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Despite Comptroller Criticism, Westfield Officials Did It Right

Early last week, the state Comptroller’s Office criticized the town of Westfield for spending too much buying the 48,000-square-foot Welch’s Building.

Perhaps the Comptroller’s Office should have waited until the building was sold before levying criticism. A few days after the comptroller’s audit was released publicly, Westfield Town Board members sold the building to Landmark Development Consortium LLC of Buffalo for $350,000.

The town purchased the property in 2014 for $355,000, and with it 14 total acres of land, in an attempt to preserve the building once considered the cornerstone of the Westfield business district.

“The opportunity came up for us to save the building,” Martha Bills, town supervisor, told The Post-Journal of the Welch’s property, constructed in 1910 and used as the company’s headquarters until the mid-1980s. “We determined that the cost of demolishing the building was more than what we paid for. … We were trying to be proactive and we were hoping to prevent what happened (with the Portage Inn).”

The audit criticized the board for spending $355,000 on a building with an estimated market value of $243,000 while also suggesting the town use a thorough process when purchasing property to ensure the best price is obtained; obtain one or more independent appraisals on property the town plans to buy and review long-term financial impacts before making a decision.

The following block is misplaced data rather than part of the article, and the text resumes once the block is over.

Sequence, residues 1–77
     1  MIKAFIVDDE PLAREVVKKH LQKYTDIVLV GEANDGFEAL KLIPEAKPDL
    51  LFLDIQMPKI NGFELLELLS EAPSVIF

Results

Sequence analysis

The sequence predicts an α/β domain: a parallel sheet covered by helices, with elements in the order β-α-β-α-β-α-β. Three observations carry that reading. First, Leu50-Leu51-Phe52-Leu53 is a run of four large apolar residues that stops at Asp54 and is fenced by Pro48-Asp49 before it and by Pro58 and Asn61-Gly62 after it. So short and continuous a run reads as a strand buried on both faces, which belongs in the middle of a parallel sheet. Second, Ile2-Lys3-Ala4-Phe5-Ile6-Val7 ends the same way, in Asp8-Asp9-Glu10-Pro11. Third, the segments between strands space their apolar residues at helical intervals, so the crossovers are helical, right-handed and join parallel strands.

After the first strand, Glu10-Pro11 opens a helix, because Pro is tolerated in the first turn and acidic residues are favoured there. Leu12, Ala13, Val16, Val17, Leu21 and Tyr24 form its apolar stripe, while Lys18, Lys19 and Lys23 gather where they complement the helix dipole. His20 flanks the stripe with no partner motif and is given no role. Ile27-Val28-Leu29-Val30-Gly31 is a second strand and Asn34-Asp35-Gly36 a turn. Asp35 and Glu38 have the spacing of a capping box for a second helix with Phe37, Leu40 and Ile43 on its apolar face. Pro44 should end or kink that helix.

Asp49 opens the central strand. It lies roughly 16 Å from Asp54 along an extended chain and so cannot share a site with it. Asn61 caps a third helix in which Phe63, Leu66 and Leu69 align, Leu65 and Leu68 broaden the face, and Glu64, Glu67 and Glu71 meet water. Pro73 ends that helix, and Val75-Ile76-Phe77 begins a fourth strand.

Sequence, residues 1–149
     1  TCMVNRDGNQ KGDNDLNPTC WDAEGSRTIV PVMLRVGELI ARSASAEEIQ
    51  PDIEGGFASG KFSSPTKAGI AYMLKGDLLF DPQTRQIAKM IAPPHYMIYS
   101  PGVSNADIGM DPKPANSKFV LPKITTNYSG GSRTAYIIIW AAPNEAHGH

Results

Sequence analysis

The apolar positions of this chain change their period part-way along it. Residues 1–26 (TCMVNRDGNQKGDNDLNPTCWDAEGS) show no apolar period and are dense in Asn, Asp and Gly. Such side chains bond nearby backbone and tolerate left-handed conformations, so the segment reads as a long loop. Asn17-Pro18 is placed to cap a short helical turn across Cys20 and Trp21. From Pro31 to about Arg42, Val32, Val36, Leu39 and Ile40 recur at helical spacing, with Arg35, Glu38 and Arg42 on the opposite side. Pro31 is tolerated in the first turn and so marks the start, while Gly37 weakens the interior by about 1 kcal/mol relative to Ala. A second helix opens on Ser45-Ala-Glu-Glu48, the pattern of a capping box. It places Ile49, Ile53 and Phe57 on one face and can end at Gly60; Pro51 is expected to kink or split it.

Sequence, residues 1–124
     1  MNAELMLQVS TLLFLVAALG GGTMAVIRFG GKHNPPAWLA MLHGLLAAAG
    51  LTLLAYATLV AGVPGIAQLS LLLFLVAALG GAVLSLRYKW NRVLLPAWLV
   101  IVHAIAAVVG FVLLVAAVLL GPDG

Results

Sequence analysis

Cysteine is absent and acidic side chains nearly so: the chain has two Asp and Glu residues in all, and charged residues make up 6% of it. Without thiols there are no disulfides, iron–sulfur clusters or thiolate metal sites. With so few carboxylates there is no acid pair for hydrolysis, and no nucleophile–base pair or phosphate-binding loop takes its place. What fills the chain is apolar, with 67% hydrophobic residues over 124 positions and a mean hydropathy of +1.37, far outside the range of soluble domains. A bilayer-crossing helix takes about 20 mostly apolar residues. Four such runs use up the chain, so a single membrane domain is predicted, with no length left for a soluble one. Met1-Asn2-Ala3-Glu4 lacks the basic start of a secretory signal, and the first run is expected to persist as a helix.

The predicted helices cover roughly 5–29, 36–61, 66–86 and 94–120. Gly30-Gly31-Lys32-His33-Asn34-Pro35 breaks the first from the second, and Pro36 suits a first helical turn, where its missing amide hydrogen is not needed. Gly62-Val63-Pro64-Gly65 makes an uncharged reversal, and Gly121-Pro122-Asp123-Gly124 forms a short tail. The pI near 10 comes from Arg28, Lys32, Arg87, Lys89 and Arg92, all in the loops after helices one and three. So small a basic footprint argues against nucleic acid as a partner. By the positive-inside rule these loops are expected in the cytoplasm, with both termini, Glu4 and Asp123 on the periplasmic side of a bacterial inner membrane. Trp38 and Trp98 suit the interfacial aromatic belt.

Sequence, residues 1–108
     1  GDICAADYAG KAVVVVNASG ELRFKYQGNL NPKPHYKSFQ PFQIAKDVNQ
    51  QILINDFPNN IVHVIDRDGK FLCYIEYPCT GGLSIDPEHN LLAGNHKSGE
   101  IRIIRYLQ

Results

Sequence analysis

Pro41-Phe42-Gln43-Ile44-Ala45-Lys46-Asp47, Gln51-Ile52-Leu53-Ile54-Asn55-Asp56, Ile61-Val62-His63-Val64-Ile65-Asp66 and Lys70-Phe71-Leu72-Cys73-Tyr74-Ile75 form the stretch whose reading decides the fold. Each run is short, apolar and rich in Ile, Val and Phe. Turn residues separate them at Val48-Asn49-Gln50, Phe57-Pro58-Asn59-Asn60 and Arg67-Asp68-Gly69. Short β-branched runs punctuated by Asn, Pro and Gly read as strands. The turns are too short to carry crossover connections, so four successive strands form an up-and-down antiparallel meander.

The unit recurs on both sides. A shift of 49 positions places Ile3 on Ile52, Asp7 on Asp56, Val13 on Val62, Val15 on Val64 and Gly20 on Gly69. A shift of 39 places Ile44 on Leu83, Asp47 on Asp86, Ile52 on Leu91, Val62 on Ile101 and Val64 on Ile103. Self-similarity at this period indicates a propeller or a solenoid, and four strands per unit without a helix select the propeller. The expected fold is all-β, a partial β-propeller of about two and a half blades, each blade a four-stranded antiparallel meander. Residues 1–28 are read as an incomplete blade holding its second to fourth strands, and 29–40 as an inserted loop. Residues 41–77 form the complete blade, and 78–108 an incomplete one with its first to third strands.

In the end, the town did well for itself. Not only did the real estate deal end up in only a $5,000 difference between the purchase price and the eventual sale price, but the town netted $125,000 in rent from the building during five years of town ownership, retained 12 acres of the land worth between $144,000 and $180,000, for public use that will include a 1.25 mile multi-use trail and preserved a building that may well have been demolished otherwise.

We’re not sure what piqued the comptroller’s interest in the town’s building purchase, but it probably would have been better to wait until all of the evidence was in before criticizing the town. In the end, Westfield officials got it right.

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